Every once in awhile, someone on FOX News starts feeling a little dangerous and decides to actually do the news, just to see what it feels like to be a real reporter:
In an unexpectedly lively exchange on Fox News Sunday this morning, host Chris Wallace took on NRA head Wayne LaPierre for his group’s tasteless ad calling Obama an “elitist hypocrite” for having Secret Service protection for his daughters while opposing the placement of armed guards in every American school. “It wasn’t picking on the president’s kids,” LaPierre argued, somewhat futilely. “The president’s kids are safe and we’re all thankful for it.” When Wallace pointed out that “[Malia and Sasha] also face a threat that most people do not face,” LaPierre shot back: “Tell that to the people in Newtown!” But Wallace wasn’t buying the indignation. “Do you really think that the President’s children are the same kind of target as every schoolchild in America?” Wallace asked LaPierre, adding, “I think that’s ridiculous, and you know it, sir.”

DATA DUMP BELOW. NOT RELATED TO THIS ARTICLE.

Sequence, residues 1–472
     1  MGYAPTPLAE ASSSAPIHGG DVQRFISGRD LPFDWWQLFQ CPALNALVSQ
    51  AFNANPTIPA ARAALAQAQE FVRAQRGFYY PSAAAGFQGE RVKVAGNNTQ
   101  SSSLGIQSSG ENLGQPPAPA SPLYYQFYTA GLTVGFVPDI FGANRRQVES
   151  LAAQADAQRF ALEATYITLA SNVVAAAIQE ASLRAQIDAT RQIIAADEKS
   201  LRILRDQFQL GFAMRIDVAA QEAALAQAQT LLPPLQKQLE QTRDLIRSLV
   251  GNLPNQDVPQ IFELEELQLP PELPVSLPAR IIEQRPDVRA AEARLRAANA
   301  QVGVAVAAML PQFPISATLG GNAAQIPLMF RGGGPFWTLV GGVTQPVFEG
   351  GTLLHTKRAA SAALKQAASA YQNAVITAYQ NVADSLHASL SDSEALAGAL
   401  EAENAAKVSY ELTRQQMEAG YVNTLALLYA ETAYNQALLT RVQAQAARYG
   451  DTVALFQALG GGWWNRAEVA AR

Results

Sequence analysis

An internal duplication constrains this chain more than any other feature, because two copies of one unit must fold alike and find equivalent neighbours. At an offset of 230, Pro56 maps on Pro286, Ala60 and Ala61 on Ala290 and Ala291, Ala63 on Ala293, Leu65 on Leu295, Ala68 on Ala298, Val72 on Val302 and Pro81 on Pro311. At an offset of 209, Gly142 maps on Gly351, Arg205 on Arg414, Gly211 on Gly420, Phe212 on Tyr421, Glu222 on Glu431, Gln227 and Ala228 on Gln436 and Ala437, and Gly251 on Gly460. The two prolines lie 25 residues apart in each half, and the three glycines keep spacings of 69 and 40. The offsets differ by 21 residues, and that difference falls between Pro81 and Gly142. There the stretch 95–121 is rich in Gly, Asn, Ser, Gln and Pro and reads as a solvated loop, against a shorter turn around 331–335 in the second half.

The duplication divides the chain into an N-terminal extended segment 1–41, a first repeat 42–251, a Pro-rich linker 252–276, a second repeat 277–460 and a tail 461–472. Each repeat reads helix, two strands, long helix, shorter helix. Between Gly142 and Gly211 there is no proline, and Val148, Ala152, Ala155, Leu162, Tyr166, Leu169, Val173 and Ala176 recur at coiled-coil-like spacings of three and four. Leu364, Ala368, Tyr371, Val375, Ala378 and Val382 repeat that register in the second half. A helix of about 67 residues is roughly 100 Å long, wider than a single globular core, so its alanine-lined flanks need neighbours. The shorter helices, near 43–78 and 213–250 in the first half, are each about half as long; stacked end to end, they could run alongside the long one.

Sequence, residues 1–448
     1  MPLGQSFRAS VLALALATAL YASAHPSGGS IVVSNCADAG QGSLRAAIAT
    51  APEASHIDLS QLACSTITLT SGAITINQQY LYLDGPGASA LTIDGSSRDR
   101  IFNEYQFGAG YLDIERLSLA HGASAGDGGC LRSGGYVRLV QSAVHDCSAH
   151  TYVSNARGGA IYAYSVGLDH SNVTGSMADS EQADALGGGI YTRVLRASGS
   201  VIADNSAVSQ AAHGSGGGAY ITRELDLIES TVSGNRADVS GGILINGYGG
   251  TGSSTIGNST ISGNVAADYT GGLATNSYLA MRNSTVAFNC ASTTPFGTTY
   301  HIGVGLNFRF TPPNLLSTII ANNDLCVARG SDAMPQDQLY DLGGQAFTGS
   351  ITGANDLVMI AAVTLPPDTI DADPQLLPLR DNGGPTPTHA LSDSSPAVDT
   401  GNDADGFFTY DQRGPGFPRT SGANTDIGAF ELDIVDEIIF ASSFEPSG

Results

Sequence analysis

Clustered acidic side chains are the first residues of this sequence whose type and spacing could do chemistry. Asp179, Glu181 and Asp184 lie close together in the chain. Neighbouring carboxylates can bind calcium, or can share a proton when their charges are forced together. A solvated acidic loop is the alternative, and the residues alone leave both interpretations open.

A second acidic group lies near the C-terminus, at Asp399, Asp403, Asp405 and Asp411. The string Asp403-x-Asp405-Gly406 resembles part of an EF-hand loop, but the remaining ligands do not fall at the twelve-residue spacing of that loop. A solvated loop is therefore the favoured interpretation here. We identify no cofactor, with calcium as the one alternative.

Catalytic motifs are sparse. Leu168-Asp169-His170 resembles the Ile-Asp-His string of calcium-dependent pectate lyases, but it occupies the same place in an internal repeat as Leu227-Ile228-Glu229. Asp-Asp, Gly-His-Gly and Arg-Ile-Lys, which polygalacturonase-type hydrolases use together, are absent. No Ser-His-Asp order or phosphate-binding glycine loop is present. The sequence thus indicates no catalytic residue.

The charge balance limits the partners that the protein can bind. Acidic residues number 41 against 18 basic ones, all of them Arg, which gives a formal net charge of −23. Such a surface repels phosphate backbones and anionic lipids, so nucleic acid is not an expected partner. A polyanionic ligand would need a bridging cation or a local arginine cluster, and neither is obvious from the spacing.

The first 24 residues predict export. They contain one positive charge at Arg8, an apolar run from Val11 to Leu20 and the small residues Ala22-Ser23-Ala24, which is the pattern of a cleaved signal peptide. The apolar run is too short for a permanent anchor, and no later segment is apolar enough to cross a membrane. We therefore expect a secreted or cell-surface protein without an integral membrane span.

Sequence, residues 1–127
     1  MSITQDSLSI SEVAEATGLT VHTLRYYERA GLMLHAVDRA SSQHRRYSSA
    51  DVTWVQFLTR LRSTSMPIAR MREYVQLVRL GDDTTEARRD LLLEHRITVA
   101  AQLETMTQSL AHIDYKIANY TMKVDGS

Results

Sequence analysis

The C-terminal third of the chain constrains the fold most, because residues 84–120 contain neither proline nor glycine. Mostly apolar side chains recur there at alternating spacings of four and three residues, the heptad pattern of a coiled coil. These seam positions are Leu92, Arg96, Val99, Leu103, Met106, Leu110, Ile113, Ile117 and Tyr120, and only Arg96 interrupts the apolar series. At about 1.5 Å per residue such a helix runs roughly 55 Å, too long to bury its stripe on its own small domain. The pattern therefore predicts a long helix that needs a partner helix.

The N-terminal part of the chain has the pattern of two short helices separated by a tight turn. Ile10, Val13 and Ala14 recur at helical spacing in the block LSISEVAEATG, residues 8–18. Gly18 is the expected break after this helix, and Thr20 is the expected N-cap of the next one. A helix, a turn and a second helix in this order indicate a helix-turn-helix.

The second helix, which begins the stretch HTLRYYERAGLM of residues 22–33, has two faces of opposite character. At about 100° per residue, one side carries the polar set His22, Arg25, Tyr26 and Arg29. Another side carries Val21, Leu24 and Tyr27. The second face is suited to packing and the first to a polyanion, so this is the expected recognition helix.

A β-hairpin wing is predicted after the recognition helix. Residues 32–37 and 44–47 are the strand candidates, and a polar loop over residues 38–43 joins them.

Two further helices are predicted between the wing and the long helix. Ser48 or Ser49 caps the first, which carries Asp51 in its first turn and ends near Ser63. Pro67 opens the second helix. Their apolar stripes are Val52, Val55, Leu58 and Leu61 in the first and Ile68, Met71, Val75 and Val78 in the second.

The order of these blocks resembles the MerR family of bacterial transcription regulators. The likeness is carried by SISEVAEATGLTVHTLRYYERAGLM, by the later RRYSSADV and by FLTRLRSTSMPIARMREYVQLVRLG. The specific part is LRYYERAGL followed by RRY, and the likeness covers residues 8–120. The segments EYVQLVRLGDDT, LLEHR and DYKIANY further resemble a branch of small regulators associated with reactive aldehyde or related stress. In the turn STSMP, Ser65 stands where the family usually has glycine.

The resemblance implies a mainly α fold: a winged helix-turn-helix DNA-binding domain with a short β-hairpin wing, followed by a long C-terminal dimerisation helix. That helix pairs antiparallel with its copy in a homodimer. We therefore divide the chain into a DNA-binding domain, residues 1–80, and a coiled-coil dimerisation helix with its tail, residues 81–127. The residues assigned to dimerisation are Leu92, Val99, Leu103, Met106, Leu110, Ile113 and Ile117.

Ever since President Obama awkwardly insisted to The New Republic last weekend that, “Yes, in fact, up at Camp David, we do skeet shooting all the time,” media fact-checkers (including our own DI Dan) combed through every bit of White House photographic evidence for even a single snapshot of the president in the gun-toting act. Sensing that the ensuing SkeeterGate was getting out of hand, White House officials released the above photo to theofficial White House Flickr stream this morning. “For all the ‘skeeters’,” tweeted White House communications director Dan Pfeiffer, “POTUS shoots clay targets on the range at Camp David on Aug. 4, 2012.” Yet we can already predict the obligatory conspiracy theory backlash, noting that there’s not a clay pigeon in sight. Apparently we’re not the only ones thinking this. As newly-departed White House Senior Adviser David Plouffe tweeted soon after: “Attn skeet birthers. Make our day – let the photoshop conspiracies begin!”